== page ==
Kaiser patients dance the night away at Pediatric Prom in Oakland
on September 18, 2017
Rainbow makeup palettes cluttered the tables, hairspray filled the air and girls in glittery dresses twirled all around. Off to the side, Leandra Javellana, 16, sat patiently as her makeup artist carefully filled in her eyebrows, gave her a bright red lip and brushed shimmering gold eye shadow across her lids. Javellana giggled as the makeup artist bronzed her cheeks. She was ready for prom.
Saturday’s dance might be the only prom the high school junior has the opportunity to attend. Like most attendees at Kaiser Permanente Oakland Medical Center’s Pediatric Prom, Javellana is a patient. Diagnosed with Leukemia last December, she has been out of school for six months and takes her classes online. She said she is starting to feel more energetic again, and that her treatment is going “great.” She hopes to return for the beginning of her senior year, but whether she’ll be well enough to make it to her own prom is still an uncertainty.
In the meantime, Javellana said, she was there that night to “party and dance.” She looked forward to seeing everyone dressed up and meeting new friends. “We all can relate to each other and create great friendships,” she said once her makeup was finished and she was ready to head into the dance.
Her mother Jewel Jardeleza, thought the idea of Pediatric Prom was exciting. “In case she doesn’t get to go to prom at her own school, she has this,” she said.
This was Kaiser Permanente third annual Pediatric Prom, an event dedicated to giving teenage patients with chronic conditions an evening of normalcy. The event was themed “Evening in Hollywood,” and used sparkling centerpieces, a paparazzi-style selfie station, and silent films playing in the background to evoke visions of classic film stars and red carpet sophistication.
Event organizer Jessica Claspill-Garcia, a child life specialist at Kaiser, said one of their goals is to make a normal life for patients despite difficult circumstances. Many feel isolated and shy while in the hospital, but because they’re teenagers, she believes, having a social life is paramount. “That’s the most important thing to them,” she said. “It really does bring up their self-esteem.”
Physician-in-Chief Dr. Judith Park, a volunteer for the evening, said that prom is an important milestone in a teenager’s life, and it’s sad if someone has to miss it due to illness. Being able to take a break and just be a kid, she said is “a time to celebrate. I think it’s amazing.”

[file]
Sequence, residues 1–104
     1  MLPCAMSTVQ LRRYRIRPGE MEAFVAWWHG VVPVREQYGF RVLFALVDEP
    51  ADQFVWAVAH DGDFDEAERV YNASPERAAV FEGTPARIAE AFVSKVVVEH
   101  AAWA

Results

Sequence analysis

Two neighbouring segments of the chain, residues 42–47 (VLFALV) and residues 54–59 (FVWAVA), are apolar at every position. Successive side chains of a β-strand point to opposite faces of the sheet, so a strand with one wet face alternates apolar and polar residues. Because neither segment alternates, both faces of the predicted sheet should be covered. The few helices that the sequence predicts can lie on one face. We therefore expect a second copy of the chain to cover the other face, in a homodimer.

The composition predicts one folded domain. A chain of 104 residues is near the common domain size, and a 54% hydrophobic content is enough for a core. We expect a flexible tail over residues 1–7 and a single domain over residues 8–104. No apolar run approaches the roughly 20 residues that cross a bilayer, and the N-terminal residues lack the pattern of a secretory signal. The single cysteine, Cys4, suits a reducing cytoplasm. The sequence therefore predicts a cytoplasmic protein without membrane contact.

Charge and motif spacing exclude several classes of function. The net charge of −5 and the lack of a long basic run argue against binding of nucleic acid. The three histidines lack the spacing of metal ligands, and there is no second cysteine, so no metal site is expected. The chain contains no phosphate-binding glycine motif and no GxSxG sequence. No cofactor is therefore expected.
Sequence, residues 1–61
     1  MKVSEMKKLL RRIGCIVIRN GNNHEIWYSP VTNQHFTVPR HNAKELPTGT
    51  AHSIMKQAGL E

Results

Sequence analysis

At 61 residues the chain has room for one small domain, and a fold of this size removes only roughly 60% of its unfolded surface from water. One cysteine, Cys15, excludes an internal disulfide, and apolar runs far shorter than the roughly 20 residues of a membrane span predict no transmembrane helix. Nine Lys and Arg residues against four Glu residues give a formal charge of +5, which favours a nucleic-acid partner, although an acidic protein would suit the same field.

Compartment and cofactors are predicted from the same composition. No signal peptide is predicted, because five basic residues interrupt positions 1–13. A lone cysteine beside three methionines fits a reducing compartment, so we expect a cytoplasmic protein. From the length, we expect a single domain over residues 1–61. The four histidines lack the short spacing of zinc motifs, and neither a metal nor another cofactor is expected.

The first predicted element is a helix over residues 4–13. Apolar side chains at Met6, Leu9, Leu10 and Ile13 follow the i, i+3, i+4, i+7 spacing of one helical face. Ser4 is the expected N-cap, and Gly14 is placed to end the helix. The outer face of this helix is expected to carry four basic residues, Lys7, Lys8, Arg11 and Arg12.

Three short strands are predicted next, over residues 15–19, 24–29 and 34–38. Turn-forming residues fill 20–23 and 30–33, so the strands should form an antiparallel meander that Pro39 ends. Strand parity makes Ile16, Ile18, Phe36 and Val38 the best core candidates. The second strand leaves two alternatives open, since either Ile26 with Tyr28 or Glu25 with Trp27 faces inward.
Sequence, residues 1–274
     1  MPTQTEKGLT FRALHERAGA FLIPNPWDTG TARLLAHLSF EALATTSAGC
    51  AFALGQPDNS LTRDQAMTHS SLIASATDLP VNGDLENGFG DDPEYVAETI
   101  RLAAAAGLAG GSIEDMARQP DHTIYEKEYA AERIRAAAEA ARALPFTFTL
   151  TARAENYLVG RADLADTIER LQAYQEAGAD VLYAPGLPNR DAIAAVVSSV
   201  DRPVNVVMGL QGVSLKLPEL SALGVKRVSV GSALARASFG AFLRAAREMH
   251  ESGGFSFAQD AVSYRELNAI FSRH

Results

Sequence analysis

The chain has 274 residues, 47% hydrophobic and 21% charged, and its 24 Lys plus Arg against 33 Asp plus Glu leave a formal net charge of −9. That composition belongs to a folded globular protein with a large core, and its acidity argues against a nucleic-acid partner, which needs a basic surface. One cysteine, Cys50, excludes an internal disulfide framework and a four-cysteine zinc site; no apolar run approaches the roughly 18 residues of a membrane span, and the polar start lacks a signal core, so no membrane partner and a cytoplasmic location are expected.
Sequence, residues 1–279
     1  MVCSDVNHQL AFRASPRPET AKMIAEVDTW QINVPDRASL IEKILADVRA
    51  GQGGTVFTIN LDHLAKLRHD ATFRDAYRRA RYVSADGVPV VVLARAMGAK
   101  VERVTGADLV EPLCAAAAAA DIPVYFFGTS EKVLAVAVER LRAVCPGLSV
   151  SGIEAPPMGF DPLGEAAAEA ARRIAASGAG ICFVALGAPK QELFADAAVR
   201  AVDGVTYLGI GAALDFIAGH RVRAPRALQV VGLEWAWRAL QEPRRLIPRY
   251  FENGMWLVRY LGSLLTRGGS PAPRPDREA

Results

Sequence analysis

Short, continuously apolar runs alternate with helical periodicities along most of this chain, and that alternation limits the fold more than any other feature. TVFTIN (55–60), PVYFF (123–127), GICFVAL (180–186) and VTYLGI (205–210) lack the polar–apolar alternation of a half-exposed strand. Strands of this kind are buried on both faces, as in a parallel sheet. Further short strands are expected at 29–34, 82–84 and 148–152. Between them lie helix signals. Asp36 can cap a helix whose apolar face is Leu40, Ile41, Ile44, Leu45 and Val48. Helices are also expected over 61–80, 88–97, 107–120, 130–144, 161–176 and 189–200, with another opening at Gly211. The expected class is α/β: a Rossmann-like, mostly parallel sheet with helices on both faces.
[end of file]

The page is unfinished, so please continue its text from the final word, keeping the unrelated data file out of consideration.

Although hosted by Kaiser Permanente, according to Claspill-Garcia, organizing the dance was a community effort. Three years ago, Oakland restaurant Homeroom approached Kaiser about doing an event for pediatric patients as a way to help out the Oakland community and support women working in the pediatric field.
The first year, the prom was held in a small event space at Homeroom with only about 30 attendees, and “nobody got on the dancefloor,” said Claspill-Garcia. This year, the event spanned two floors of the hospital and organizers anticipated more than 200 teens and almost as many volunteers.
In order to provide prom guests with free dresses, shoes, menswear and accessories, Kaiser employees asked the community for donations through Facebook and word of mouth. Some of the pieces were brand new, others were used, but all were beautiful. “We were kind of snobby,” said Claspill-Garcia. “We would only take the best.” At the end of the night, teens got to take home their finery.
“There’s probably 300 to 400 dresses,” she said. “Everybody chipped in.” Food and drinks were provided in large part by the hospital cafeteria manager, Homeroom and other local businesses. The hairstylists and makeup artists provided their services pro bono.
Makeup artist Patricia Casteneda said she enjoyed doing a similar even in Napa earlier this year, so she jumped at the chance to help out at Kaiser and felt “blessed to be a part of it.”
Jonathan Sterling, 17, is known as the “patient ambassador” in the pediatric ward for his incredible friendliness toward new ward arrivals. For the evening, he sported a brand-new black suit that he was eager to show off.
Sitting in a quiet room away from the chaos, Sterling said he was glad to be there and described the event as “cool.” He’s had sickle cell anemia since birth, and said he hasn’t been able to do all of the things he would like to, such as “play on a basketball team, or go to school as much as other kids, or go outside when it’s cold.”
“I had to miss my first prom,” said Sterling “so it’s cool to actually know what it’s like to be at prom.”
And although it’s not quite the same as attending the dance at Cal Prep High School, where Sterling is a junior, he said, “Some kids don’t get to go to their prom, so it’s cool if they get to go to this one.”
Once all the prom guests were primped to perfection and finished taking selfies, they made their way across the hall to the ballroom. Inside, they found a photo booth with props including movie-star glasses and a clapperboard, a DJ ready to take requests, a popcorn table and star projections flitting around the room. One by one, they ventured onto the dance floor. Once they got started bouncing to “Wobble Baby” by VIC, the dancing didn’t stop.
Oakland North is an online news service produced by students at the UC Berkeley Graduate School of Journalism and covering Oakland, California. Our goals are to improve local coverage, innovate with digital media, and listen to you–about the issues that concern you and the reporting you’d like to see in your community. Please send news tips to: firstname.lastname@example.org.